It would seem the Packers are being especially respectful and cautious about what they’re facing. Wednesday during their media sessions, the Packers big hitters discussed the Vikings for the first time all year, since their first meeting of the season doesn’t come until the Sunday before Thanksgiving.
Head coach Mike McCarthy said he is impressed with the progression the Vikings have made since the teams last met. He writes off their success to the players all getting on the same page with Mike Zimmer’s defense, which has been as strong as any defense in the league in keeping opponents off the scoreboard.
“I think what you see is that it’s Year 2 of a program,” McCarthy said. “They’re well-coordinated. Defensively they’re very sound – always have been. They schematically challenge you. They’re playing faster, quicker. Their confidence, you can see it building throughout the year.”
Quarterback Aaron Rodgers has been beaten and battered over the last three weeks, as Green Bay has lost all three and stymied offensively by the Broncos and Lions. He was limited in practice Wednesday with a right shoulder injury and admitted he is “banged up.” Seeing tape of the Vikings couldn’t have been a pleasant experience, because he sees how the team is executing its game plan effectively and shutting teams down for entire halves at a time.
Like McCarthy, Rodgers, a student of the game who has watched Zimmer’s defense in action for years, sees his DNA all over the Vikings defense.
“They have an excellent scheme,” Rodgers said. “They’re very well-coached. Mike Zimmer has been at the trend-level. He’s been starting a trend across the league since Cincinnati with his seven- and eight-up pressures, bringing different combinations. They’re a very well coached defense with very good players.”
The Packers have been focusing on what the Vikings defense is bringing from play to play and it would appear they’re impressed with what they’re seeing. Wide receiver James Jones believes that Zimmer is a puppet master who has all his players dancing the dance he’s calling and they’re performing his vision to uncanny accuracy.
“They’re all on a string,” Jones said. “I think that’s the best way I can say it. They’re all on a string. They all know their assignment very well. They all know where they’re supposed to be when they’re supposed to be there. They play hard and play fast and they’re well-coached.”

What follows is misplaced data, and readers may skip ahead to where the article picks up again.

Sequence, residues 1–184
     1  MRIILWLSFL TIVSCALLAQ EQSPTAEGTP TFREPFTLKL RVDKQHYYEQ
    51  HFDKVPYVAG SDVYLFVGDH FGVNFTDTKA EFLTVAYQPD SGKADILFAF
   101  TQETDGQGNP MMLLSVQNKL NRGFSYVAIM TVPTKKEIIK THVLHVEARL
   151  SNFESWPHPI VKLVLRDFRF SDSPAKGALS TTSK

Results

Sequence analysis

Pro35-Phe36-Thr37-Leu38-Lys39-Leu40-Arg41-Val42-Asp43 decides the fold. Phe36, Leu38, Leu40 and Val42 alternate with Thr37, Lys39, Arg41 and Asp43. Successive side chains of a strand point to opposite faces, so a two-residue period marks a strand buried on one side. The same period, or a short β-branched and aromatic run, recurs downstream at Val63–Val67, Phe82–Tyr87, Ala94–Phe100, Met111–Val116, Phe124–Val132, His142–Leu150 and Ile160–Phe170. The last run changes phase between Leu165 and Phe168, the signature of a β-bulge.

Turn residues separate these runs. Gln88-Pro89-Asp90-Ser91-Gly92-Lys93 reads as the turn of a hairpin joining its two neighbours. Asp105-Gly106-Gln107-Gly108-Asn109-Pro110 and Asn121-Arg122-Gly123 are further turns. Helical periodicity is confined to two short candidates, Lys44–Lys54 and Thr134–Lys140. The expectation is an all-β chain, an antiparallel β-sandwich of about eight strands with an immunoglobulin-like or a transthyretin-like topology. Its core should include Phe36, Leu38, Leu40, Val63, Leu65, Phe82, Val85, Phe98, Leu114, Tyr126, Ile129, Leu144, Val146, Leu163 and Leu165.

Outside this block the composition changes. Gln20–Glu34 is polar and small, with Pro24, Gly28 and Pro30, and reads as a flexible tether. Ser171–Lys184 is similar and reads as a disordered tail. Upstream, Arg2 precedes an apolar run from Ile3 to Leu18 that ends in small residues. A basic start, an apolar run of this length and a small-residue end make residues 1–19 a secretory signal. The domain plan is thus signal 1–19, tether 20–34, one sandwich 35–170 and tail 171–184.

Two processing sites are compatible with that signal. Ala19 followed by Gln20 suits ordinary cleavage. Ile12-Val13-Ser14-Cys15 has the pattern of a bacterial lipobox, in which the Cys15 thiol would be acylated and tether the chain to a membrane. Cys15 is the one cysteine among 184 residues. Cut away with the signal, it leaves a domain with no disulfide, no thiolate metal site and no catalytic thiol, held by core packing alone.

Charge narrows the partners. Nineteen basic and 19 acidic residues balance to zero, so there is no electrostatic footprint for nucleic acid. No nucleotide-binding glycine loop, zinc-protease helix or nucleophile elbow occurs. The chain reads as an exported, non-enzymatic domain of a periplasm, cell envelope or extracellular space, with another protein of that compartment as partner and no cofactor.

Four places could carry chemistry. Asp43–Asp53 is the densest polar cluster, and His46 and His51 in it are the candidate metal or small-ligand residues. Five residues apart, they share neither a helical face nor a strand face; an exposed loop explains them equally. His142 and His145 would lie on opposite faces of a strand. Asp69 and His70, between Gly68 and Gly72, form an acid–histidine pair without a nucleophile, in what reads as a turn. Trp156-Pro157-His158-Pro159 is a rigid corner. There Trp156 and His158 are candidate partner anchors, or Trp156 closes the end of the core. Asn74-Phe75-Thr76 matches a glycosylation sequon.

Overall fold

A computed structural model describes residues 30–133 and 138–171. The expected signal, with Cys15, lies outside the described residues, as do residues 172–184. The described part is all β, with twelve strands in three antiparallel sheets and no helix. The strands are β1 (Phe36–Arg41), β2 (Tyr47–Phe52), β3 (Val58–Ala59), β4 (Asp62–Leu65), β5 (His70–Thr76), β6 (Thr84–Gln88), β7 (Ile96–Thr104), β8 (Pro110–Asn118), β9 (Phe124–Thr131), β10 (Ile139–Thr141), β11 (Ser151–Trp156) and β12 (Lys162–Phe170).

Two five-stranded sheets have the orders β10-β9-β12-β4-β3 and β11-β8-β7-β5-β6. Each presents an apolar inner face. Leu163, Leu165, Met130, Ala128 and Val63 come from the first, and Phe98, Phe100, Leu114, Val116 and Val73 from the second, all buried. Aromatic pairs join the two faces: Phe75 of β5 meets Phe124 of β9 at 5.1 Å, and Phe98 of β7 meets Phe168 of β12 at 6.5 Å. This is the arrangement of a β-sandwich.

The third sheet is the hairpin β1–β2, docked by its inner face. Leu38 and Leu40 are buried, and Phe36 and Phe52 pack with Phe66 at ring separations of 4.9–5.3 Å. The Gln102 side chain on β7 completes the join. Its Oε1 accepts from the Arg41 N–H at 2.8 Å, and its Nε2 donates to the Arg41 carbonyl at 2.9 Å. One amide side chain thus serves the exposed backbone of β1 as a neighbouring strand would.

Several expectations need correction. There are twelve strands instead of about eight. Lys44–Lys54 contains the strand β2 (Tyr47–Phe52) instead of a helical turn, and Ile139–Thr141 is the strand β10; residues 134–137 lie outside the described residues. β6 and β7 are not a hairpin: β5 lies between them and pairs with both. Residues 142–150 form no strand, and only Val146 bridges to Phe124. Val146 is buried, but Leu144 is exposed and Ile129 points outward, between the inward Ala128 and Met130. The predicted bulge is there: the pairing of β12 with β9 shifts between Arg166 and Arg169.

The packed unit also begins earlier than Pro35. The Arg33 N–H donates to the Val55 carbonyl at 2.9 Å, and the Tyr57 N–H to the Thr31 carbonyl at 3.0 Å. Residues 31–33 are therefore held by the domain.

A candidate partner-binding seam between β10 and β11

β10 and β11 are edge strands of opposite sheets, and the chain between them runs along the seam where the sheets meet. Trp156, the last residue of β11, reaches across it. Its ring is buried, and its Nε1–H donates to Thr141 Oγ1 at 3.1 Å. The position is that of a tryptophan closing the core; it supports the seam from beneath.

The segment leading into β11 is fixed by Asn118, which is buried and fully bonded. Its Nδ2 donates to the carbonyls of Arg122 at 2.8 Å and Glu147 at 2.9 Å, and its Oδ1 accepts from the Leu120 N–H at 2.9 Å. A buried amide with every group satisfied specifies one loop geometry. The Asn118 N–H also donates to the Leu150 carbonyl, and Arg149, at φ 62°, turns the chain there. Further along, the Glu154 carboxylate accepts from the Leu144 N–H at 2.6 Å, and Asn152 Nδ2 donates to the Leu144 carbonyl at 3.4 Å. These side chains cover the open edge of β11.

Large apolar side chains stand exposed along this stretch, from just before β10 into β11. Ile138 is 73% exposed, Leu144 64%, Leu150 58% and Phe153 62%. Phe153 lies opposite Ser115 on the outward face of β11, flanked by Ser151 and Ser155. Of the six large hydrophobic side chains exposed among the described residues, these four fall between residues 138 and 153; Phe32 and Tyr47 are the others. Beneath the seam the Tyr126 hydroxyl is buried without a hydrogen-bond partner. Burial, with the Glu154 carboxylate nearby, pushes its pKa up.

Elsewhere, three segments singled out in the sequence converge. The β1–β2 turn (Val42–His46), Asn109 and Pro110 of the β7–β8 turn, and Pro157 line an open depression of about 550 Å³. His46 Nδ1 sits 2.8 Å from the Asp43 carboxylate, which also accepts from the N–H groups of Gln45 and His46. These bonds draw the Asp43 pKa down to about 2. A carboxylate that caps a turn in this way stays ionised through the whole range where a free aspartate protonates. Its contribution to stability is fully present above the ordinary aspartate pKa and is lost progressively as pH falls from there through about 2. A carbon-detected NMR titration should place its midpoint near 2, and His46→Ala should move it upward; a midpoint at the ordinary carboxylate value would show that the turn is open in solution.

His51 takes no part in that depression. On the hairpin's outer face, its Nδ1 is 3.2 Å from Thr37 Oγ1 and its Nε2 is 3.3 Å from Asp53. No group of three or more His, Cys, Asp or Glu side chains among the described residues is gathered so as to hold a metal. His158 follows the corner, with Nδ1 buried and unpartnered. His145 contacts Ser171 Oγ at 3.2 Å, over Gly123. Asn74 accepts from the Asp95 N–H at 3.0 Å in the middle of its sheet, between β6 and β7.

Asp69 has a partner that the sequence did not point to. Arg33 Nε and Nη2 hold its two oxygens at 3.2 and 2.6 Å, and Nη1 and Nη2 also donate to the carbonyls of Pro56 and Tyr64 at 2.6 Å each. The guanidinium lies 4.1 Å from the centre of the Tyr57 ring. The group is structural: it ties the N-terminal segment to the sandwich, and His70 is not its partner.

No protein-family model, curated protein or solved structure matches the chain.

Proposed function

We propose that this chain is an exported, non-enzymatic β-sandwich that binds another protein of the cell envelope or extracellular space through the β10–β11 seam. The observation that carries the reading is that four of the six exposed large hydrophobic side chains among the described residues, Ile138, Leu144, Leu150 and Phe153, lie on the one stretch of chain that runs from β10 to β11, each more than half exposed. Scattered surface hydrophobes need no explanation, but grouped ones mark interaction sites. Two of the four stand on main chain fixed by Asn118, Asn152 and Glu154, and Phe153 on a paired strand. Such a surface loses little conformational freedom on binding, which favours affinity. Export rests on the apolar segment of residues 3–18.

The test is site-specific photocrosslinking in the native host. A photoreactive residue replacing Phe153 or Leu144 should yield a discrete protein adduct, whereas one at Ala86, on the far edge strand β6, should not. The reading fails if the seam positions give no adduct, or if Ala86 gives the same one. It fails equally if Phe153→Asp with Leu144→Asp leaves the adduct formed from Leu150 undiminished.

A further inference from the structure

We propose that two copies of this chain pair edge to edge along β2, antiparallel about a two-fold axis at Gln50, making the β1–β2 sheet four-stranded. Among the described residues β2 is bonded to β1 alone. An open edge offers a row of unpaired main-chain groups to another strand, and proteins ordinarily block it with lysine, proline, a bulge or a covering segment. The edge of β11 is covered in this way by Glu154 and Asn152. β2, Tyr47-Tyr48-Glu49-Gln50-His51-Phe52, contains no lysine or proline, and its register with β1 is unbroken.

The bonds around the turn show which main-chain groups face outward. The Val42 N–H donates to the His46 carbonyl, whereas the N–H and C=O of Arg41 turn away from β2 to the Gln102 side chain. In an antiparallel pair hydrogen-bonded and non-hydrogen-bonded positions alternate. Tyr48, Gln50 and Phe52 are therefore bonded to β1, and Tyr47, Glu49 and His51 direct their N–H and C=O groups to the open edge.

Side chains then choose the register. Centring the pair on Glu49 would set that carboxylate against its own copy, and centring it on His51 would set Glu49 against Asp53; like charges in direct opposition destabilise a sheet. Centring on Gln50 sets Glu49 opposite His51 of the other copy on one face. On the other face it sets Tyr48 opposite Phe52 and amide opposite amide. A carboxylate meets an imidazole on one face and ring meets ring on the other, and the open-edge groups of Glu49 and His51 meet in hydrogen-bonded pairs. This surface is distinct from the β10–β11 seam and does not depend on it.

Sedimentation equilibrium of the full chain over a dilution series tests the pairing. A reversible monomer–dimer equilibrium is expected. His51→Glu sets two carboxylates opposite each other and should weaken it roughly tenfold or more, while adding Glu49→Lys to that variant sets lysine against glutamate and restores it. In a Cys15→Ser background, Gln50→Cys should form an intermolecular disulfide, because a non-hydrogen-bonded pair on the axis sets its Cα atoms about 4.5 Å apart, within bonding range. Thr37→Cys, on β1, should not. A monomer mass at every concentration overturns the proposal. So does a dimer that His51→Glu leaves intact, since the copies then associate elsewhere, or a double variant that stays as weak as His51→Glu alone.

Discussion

While the defense is a primary concern for the Packers, they’re also seeing a much different offense. When they played the Vikings last year, Adrian Peterson wasn’t there and Teddy Bridgewater was still getting his feet wet as the starter.
Just as he sees the Vikings defense unleashing punishment in Zimmer’s second year running the team, McCarthy is just as leery of the old-look/new-look Vikings offense. With Peterson back and Bridgewater battle-tested, there are legitimate reasons for concern what the Packers are up against as big a challenge on defense as offense.
“I would say really the exact same thing on offense,” McCarthy said. “Norv has always done a great job as far as rolling the personnel groups. They challenge you there, featuring Adrian Peterson. Teddy Bridgewater does a nice job, particularly the command at the line of scrimmage. That’s something I feel is a definite improvement.”
The Packers have owned the Vikings in recent years. It hasn’t been since November 2009 when the Vikings and Packers met in the regular season with the balance of power in the NFC North hanging in the balance. The Packers know what they’re up against. It’s been a while since they’ve been there, but they’re familiar with it.
Will the Vikings use the blueprint provided by the Broncos and Lions exposed in the Achilles heel of the Packers offense? Rodgers expects it.
The NFL is a copycat league that seeks out weaknesses and exploits in a sweep of sports Darwinism. What has worked for someone else can work for you. With their expectations on the line, Rodgers expects the Vikings to incorporate what worked so well for Denver and Detroit.
“Well, that’s the league,” he said. “The league is a constant ebb and flow of the defenses coming up with new schemes, offenses trying to combat it. Tempo has been on the offense’s side as of late, trying to make the defenses a little more basic. If you don’t have that tempo then obviously the defense can get into some of their stuff. We’ve always tried to be a high play-volume team, and I think we need to get back to that a little bit.”